Do you wish that the draft should be back?
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Re: Gender Differences: Nature vs. Nurture, or Nature & Nurture?

Postby Heather » 02 Aug 2013, 12:47

I didn't like that article either, for the reasons Caleb gave. I even wondered if it was meant to be a pro-government childcare thing. He made a big deal about the baby's development going off-track (it actually didn't; everything he cites is normal), as though if Mommy needs to work and no longer has time to read up on the latest techniques, only a professional can handle it.

Looking at his over-the-top pictures I couldn't help but think of the refrain in one of my son's books:

I'm a pout-pout fish with a pout-pout face
And I spread the dreary-wearies all over the place.
Blub
Bluuuub
Bluuuuuub


Who does he think he's helping!? No, I really think this was a feminist man-bashing article.
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Re: Gender Differences: Nature vs. Nurture, or Nature & Nurture?

Postby Yessica » 18 Oct 2014, 18:46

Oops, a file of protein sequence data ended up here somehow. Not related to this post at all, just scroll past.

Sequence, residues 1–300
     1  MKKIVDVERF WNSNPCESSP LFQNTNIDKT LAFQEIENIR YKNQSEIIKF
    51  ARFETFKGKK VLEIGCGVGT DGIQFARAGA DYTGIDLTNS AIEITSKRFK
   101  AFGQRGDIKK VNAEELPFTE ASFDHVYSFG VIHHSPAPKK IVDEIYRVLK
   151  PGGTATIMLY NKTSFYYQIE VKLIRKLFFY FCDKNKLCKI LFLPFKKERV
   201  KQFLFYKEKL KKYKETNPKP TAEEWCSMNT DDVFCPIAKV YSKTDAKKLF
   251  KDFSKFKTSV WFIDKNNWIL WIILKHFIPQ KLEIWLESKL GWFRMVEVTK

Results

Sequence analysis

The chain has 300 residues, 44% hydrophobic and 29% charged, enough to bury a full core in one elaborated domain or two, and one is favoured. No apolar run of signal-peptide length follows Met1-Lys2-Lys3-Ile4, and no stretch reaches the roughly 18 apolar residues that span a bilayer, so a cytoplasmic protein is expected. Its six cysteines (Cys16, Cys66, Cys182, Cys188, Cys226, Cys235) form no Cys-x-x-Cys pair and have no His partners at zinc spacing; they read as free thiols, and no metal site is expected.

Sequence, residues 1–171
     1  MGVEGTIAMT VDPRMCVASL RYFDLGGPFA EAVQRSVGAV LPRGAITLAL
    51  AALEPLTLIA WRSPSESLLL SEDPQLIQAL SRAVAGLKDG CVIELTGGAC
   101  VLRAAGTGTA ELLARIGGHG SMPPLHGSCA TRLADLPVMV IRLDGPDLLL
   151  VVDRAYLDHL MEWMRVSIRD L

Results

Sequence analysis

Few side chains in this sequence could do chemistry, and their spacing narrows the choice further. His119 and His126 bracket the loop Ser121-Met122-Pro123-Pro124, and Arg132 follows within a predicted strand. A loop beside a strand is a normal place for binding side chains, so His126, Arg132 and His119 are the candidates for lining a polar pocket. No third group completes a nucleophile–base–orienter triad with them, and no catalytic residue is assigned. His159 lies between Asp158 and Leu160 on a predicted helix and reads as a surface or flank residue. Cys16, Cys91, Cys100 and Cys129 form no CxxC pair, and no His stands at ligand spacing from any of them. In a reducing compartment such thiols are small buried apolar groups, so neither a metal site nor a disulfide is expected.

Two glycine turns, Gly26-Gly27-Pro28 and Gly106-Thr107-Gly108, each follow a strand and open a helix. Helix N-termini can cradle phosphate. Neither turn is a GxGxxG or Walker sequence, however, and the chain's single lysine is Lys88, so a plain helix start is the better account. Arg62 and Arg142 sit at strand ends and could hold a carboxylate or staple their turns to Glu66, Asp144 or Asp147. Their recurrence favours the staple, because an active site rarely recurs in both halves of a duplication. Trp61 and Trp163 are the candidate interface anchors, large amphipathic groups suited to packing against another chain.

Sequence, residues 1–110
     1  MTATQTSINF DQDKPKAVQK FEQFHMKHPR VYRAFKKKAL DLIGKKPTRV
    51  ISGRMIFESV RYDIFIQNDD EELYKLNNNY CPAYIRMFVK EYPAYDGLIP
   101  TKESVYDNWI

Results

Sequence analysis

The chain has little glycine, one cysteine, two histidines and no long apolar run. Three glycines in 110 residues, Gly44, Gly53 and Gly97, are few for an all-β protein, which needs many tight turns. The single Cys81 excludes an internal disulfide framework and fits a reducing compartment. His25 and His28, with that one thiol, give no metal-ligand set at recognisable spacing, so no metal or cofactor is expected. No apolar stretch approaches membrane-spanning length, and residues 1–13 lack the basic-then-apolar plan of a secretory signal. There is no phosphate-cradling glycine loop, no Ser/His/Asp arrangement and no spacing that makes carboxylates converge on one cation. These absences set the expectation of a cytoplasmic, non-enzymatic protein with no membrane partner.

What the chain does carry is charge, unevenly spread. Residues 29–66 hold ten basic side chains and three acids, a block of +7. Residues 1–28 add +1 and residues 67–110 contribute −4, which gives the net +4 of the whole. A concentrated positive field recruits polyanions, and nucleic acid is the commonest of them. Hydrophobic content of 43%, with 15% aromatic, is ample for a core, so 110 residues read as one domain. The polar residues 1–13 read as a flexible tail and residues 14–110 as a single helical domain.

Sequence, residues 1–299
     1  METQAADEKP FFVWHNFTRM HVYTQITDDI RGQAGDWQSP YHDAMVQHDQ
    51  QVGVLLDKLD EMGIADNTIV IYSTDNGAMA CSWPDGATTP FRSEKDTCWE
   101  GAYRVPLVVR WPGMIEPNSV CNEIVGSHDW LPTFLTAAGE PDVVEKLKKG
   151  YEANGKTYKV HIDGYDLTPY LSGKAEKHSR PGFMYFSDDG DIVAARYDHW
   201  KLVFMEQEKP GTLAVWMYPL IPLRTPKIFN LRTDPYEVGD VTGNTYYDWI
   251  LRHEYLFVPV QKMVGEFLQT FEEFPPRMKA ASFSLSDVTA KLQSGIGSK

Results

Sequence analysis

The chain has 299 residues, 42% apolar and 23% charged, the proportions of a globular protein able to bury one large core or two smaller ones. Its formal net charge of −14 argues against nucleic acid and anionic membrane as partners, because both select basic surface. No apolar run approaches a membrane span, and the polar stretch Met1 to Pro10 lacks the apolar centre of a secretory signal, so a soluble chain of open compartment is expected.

I came across a book called "Is There Anything Good About Men?: How Cultures Flourish by Exploiting Men" by Roy F. Baumeister which I found to be very interesting. Please don't mind the somewhat offensive title, the book is good.

Baumeister holds the opinion that men have a stronger urge to "get rich or die trying", to conquer, to explore than women and that there is an evolutionary reason for that. Today that urge is channeled into building cathedrals and founding enterprises and culture benefits from that.

He argues that throughout history nearly all fertile women had children while most fertile men did not. The men who had the most children where persons like Ghengis Khan, who fathered thousands of children and has numerous descendants because his children again were successful in fathering children again.
A woman with a similar life story on the other hand would have ended up with less children than she could have had when she stayed at home.

I like the book because it gaves me new insights. There are some things however it does not explain.

* In historic times it was difficult to raise a child, in fact most children died in infancy. That would mean that children would benefit from having a commited father at home who was very much unlike Ghengis Khan.
That would mean that there must have been two very different kinds of "evolutionary pressure" at work.

* Both sons and daughters inherit genes from both their parents, The human Y-chromosome, which makes a person male, is actually smaller than all other chromosomes and I have been told it carries far less genetical info.
How comes the sons of Ghengis Khan ended up aggressive and dominant and his daughters did not? May be there are genes that must be "activated" by testosterone???
Yessica